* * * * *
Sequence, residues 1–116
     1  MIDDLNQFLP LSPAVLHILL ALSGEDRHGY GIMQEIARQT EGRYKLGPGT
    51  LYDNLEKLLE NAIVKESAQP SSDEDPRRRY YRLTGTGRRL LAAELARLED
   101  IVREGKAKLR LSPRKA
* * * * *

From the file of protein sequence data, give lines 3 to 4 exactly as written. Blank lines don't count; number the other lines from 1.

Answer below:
    51  LYDNLEKLLE NAIVKESAQP SSDEDPRRRY YRLTGTGRRL LAAELARLED
   101  IVREGKAKLR LSPRKA